|Crystal class||Hexoctahedral (m3m) |
H-M symbol: (4/m 3 2/m)
|Unit cell||a = 4.2685 Å; V = 77.77 Å3; Z = 2|
|Color||Dark red to conchineal red, sometimes almost black|
|Crystal habit||Cubic, octahedral, and dodecahedral crystals; as hairlike capillary forms, earthy, compact granular and massive|
|Cleavage||Fair in four directions forming octahedrons|
|Fracture||Conchoidal to uneven|
|Mohs scale hardness||3.5 to 4|
|Luster||Adamantine, sub-metallic, earthy|
|Streak||Shining metallic brownish-red|
|Refractive index||n = 2.849|
Its dark crystals with red internal reflections are in the isometric system hexoctahedral class, appearing as cubic, octahedral, or dodecahedral forms, or in combinations. Penetration twins frequently occur. In spite of its nice color it is rarely used for jewelry because of its low Mohs hardness of 3.5 to 4. It has a relatively high specific gravity of 6.1, imperfect cleavage and is brittle to conchoidal fracture. The luster is sub-metallic to brilliant adamantine. The "chalcotrichite" (from Ancient Greek: χαλκός θρίξ τριχός, "plush copper ore") variety typically shows greatly elongated (parallel to ) capillary or needle like crystals forms.
It is a secondary mineral which forms in the oxidized zone of copper sulfide deposits. It frequently occurs in association with native copper, azurite, chrysocolla, malachite, tenorite and a variety of iron oxide minerals. It is known as ruby copper due to its distinctive red color.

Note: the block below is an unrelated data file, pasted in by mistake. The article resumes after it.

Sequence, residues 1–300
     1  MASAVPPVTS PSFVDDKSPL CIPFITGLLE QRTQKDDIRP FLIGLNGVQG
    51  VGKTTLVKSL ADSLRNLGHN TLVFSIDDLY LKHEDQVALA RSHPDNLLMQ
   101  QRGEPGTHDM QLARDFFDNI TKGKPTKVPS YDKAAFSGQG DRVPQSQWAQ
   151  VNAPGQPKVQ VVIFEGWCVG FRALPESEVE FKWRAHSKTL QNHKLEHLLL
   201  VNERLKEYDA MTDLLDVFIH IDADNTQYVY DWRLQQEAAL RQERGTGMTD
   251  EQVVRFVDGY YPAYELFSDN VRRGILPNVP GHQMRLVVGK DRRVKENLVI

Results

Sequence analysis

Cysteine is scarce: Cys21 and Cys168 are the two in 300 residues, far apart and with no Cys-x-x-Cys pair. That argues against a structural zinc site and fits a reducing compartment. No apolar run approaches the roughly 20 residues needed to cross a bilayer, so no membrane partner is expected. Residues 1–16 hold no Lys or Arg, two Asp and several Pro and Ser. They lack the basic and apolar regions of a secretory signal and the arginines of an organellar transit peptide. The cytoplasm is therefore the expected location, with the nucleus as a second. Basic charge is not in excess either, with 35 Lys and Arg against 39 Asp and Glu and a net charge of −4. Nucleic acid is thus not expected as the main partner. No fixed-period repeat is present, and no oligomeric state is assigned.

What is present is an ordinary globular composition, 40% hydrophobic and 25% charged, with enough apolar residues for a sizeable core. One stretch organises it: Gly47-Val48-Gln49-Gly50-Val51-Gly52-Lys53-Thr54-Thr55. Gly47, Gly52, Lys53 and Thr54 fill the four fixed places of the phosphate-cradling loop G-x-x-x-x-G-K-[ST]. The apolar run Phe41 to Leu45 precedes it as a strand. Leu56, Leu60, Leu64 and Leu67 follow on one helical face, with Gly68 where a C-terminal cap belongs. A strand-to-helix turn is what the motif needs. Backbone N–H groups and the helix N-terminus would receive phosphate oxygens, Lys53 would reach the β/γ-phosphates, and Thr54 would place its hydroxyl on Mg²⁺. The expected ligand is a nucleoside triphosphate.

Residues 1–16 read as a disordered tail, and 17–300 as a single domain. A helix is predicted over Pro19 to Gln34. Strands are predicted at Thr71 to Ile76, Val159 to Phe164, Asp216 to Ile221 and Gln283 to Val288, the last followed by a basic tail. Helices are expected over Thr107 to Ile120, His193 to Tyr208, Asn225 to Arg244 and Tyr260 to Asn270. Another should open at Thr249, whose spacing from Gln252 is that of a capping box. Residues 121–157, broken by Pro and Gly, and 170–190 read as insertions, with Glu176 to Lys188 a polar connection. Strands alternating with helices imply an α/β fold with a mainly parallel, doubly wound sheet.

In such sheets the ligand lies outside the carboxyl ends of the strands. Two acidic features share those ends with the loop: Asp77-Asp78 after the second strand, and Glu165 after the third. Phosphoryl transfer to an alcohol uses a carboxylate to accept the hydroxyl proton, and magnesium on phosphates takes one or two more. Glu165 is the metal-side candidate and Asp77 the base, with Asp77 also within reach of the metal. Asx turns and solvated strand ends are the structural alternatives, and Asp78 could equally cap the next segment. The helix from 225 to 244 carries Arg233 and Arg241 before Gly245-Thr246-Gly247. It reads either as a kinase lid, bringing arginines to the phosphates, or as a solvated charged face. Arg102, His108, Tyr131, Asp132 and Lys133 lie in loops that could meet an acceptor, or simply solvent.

Cuprite as a gemstone
Though almost all crystals of cuprite are far too small to yield faceted gemstones, one unique deposit from Onganja in Seeis, Namibia, which was discovered in the 1970s, has produced crystals which were both large and gem quality. Virtually every faceted stone over one carat (0.2 gm) in weight is from this single deposit, which has long since been mined out. The number of faceted gems over two carats (0.4 gm) is difficult to estimate, but according to Joel Arem, one-time curator for the Smithsonian National Gem and Mineral Collection in Washington, D.C., faceted cuprite of any size is considered one of the most collectible and spectacular gems in existence, with its deep garnet coloring and higher brilliance than a diamond. Only the gem's soft nature prevents it from being among the most valuable jewelry stones.
- Warr, L.N. (2021). "IMA–CNMNC approved mineral symbols". Mineralogical Magazine. 85 (3): 291–320. Bibcode:2021MinM...85..291W. doi:10.1180/mgm.2021.43. S2CID 235729616.
- "Cuprite". Mindat. Retrieved 2010-07-10.
- "Cuprite". Webmineral data. Retrieved 2010-07-10.
- Handbook of Mineralogy
- Spencer, Leonard James (1911). . In Chisholm, Hugh (ed.). Encyclopædia Britannica. Vol. 12 (11th ed.). Cambridge University Press. p. 635.
- Hurlbut, Cornelius S.; Klein, Cornelis, 1985, Manual of Mineralogy, 20th ed., Wiley, p. 299-300 ISBN 0-471-80580-7
- Joel E. Arem, Ph.D., F.G.A., Color Encyclopedia of Gemstones, 1977, Van Nostrand Reinhold Company